Mummoth, as you said, the bottom line is, his behavior was rude...and when you hide and lie about things, it makes you seem sneaky and dishonest - and in this instance, he could've gotten exactly what he wanted - from either parent - without the slightest bit of sneakiness or dishonesty! My husband communicated that to DSS pretty well. And when the "surprise" package arrived, DH very calmly and reasonably said, "Since you say you didn't order this - that it's a birthday gift from your Mom - you need to wait and open it on your birthday." DSS is frustrated as heck, but he spin-doctored himself right into that corner.
My problem is that so much else is going on (major frustration with Mom over current conflicts and going back to court; DSS slacking off at the end of school and getting bad grades...which Mom will shortly be blaming on DH and me, in court...; and DSS starting puberty, with all the normal snatches of attitude and boundary-testing you'd expect). I really felt the issue about the iPod needed to be addressed, but I was struggling to keep my reaction to that separate from all the emotions I'm feeling about everything else...which don't all need to be dumped on DSS. So, between DH and you two, I'm looking at it in a much more level-headed way. Thanks!
If only things were as simple as they seem typed on a screen! It's usually a whole other story in action.
Making him wait until his birthday to open it.. perfect response.
One thing that occurred to me is, DSS is becoming much more aware of when his mother is being manipulative or dishonest with him, right? Maybe he's seeing that kind of behaviour everywhere, from everyone, to some degree right now. I know when I left my marriage, I saw red flags of abuse all over the place for a while. So maybe when he was told that he had to wait until his birthday to find out if he got a Touch or not, he ballooned the feeling from being in suspense for an innocent and supposed-to-be-fun surprise into feeling kept in the dark and toyed with, so he bought the Touch to win the 'head-game' he thought was being played with him. If that's the case, he's just having some difficulty separating the normal situations from the not normal ones.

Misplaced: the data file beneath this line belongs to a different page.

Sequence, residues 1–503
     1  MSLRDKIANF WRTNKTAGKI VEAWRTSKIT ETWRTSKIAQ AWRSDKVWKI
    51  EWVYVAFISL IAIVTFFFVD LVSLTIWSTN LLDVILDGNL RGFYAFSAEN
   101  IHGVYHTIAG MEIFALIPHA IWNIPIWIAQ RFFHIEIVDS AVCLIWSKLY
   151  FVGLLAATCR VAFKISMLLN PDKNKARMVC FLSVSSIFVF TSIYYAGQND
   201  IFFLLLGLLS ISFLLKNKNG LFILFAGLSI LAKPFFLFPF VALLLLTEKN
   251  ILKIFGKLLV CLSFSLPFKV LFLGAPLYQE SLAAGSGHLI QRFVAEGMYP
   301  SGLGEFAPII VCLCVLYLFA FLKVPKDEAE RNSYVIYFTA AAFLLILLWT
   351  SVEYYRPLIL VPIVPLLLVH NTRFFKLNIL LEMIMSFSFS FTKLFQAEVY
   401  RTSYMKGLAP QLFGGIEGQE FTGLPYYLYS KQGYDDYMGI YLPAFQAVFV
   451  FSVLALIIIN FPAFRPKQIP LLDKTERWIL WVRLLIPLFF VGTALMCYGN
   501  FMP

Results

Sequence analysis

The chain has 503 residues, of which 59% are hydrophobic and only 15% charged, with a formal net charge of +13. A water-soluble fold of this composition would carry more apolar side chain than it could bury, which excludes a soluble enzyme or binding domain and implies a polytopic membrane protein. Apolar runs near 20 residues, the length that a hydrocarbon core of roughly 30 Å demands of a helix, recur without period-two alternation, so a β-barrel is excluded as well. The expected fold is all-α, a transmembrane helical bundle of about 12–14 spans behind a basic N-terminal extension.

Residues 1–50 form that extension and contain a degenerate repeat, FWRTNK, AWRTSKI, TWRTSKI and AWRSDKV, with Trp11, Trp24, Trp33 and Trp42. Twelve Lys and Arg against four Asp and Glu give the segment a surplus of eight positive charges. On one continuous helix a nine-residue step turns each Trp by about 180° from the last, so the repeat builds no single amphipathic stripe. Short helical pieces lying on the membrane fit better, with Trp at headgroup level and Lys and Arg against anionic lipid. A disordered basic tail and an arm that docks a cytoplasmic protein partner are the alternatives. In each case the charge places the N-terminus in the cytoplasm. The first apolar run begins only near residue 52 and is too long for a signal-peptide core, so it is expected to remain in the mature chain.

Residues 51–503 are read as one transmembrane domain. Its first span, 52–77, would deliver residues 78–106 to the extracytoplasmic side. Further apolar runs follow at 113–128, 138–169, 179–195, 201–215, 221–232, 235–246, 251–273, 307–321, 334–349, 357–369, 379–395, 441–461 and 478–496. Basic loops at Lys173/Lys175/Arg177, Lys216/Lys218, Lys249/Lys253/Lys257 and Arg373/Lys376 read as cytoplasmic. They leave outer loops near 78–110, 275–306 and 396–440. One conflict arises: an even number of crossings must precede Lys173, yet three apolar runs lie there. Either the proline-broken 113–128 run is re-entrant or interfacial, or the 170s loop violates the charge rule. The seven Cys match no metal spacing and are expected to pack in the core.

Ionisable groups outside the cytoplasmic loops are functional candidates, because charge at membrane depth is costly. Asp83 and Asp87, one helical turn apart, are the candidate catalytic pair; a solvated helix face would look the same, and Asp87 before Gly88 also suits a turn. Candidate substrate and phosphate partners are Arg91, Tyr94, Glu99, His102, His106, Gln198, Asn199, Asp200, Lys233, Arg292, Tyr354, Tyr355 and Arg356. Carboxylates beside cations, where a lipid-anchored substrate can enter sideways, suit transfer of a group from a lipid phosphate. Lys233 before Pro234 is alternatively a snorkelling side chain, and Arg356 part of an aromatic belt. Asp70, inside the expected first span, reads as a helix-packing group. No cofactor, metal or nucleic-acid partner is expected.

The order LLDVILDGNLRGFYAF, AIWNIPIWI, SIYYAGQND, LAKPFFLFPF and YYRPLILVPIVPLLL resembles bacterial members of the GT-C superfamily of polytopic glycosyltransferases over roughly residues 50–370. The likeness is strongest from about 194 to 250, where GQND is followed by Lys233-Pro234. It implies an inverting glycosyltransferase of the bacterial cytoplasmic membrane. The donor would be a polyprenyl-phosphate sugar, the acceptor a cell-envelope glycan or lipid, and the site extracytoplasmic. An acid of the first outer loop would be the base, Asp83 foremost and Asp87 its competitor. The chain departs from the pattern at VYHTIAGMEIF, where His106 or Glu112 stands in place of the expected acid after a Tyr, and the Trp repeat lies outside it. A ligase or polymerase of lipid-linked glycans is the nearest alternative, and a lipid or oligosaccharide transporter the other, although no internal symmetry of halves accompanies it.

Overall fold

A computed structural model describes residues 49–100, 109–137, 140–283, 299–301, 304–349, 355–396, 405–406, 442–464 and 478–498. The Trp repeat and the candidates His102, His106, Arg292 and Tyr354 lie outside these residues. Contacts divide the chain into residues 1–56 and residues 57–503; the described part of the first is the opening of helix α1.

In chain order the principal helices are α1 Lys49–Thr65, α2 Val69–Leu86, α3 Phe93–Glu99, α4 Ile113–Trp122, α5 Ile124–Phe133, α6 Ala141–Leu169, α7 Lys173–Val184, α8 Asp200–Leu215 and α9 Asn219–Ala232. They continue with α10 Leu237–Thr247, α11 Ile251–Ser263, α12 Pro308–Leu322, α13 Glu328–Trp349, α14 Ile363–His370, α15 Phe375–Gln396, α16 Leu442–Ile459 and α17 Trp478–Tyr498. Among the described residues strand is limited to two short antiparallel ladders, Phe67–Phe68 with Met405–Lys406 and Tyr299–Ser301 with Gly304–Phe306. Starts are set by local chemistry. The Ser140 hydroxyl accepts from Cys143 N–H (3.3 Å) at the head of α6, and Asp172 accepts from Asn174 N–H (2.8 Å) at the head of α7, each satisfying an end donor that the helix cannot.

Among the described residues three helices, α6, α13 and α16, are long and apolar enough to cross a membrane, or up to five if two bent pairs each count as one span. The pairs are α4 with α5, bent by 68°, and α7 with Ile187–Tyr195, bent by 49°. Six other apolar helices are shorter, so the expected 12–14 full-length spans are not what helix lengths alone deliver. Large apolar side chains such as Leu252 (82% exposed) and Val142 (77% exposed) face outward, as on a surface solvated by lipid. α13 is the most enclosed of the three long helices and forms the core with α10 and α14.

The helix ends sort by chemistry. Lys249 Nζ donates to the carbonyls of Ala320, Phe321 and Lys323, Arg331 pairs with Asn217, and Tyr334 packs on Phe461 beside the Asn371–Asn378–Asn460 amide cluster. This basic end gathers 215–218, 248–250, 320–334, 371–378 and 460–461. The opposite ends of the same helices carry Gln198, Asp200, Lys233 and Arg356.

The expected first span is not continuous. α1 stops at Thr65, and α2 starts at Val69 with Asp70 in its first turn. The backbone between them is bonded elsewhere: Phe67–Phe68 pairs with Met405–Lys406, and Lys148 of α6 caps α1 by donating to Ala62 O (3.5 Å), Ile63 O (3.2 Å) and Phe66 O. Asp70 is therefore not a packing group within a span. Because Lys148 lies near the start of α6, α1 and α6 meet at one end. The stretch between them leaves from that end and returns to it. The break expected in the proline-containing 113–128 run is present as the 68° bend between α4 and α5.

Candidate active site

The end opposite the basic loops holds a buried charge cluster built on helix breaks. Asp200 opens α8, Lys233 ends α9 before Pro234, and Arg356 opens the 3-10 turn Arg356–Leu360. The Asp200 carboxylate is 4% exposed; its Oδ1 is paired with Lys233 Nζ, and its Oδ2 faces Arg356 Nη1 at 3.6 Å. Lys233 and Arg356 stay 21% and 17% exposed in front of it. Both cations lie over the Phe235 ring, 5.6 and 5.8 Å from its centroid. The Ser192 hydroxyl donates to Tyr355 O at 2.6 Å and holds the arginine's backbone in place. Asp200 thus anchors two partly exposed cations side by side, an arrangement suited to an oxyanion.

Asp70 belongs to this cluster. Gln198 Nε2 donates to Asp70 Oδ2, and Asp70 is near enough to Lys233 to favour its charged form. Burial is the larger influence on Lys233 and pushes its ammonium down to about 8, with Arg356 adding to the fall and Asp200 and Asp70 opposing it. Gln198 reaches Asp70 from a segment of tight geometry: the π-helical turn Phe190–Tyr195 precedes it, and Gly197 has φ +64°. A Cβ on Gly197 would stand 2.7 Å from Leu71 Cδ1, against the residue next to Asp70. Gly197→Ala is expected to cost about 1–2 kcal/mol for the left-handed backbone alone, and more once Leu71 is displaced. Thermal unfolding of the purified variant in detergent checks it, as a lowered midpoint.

When things are in flux at home, DS has a really high need to know what the plan is for the evening or the weekend, and we pay dearly if the plan should change. He feels best when he can predict what is going to happen next... XH was prone to really erratic behaviour, we never knew what to expect out of him, and as a result things like surprising the kids with going to a movie on the weekend or something like that brings out some negative behaviour. It isn't a nice surprise to him, it's a blind-side. It sucks, because DH is the type of person who likes to get in the truck not knowing the destination and make an adventure out of the day and it took a while for him to understand that that just. isn't. fun. for DS some of the time.
That doesn't mean you do anything different, he still has to be held accountable for his behaviour and he has to figure out how to desensitize himself. Just, it's not necessarily a back-slide... it could be progress.
~Teresa, raising DS (Jan. 02) and DD1 (Jun. 04) and DD2 (Dec. 11) with DH.
I think the way your husband handled it was perfect. Lying didn't work, and even if he denies knowing any differently, he knows that you know the truth... pressing him on it is probably just going to make him defensive and force him to dig his heels in and keep holding onto the lie... but he still knows that you guys know. The bottom line is that his manipulation of the situation didn't work for him, so it wasn't rewarding and that helps decrease the chance that it will happen again.
One other thought I had was that in situations like this, you could remind him how being truthful would have worked out better for him. We have always, since my step-daughter was a toddler, tried to make sure that telling the truth was a better option than lying or being manipulative (that's a harsh word when applied to a very young child, but you know what I mean). And, since (as you know) her mother has many similarities to your step-son's mother, we have also done loads of processing situations out loud for her so the differences between two situations are clear. For example, if I feel like she was hinting at something she wanted rather than just asking for it, I might say, "If that's something you wanted, you needed to say so. People don't always understand when you hint at things. And sometimes when I feel like you are trying to get me to do something without coming out and asking me, it actually makes me less likely to do it than if you'd just asked. This time you didn't get what you wanted, so next time I would encourage you to come right out and ask for it. I might still say no, but we'll be able to talk about it." We also take note of times when she is straight-forward, when she handles something appropriately, or when an opportunity arises for her to try out a different behavior that we'd talked about. We point her behavior (or someone else's if it is a good example) and point out the positive outcome, or point out the opportunity then let her decide how to handle it and let her deal with the outcome of her choice. We (the adults) also make sure that we model being straightforward, asking questions or for help when we need it, talking through "tricky situations" and asking for help in handling them... basically modeling the behavior we are asking for from her (for all the kids, actually... she's just the one who has a different model of behavior).